According to the AJC, they are:
The boot-clad day laborers, many of whom are in the country illegally, have nearly disappeared from two of the usual spots along Powder Springs Road in Cobb County. Their numbers are down significantly at some, but not all, gathering spots in Gwinnett. That includes the lot by Dunkin’ Donuts, which has roughly a third as many laborers as usual, restaurant staffers said.
Police aren’t focusing on the laborers more now, said Rojas and other day laborers. It’s the employers who have changed. Crew chiefs have grown increasingly skittish about hiring illegal immigrants, they said, prompting more workers to try places like Florida and New Orleans instead.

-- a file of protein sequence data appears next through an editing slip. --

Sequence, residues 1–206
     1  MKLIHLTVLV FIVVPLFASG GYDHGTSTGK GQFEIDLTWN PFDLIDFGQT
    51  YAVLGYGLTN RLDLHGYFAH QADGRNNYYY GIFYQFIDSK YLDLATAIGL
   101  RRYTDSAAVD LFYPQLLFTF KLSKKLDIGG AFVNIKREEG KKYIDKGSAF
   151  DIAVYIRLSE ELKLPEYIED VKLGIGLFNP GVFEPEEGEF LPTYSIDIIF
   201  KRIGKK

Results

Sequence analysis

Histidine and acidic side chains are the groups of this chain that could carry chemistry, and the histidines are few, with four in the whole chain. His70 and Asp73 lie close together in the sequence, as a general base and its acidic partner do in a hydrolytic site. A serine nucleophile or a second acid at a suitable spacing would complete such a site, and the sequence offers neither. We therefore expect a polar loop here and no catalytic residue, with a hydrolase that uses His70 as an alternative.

“I think people are just moving to another state,” said Maria Garcia, who runs a labor hall in Duluth as director of Hispanic Community Support. About half the usual number of workers are seeking jobs at the converted warehouse, Garcia said.
Fear of deportation is at an all-time high, she said, as rumors of raids by immigration agents sweep through the community almost daily. “I think it’s created a mental sickness, where people are depressed,” she said. “Who wants to be thinking any minute you’re going to be arrested?”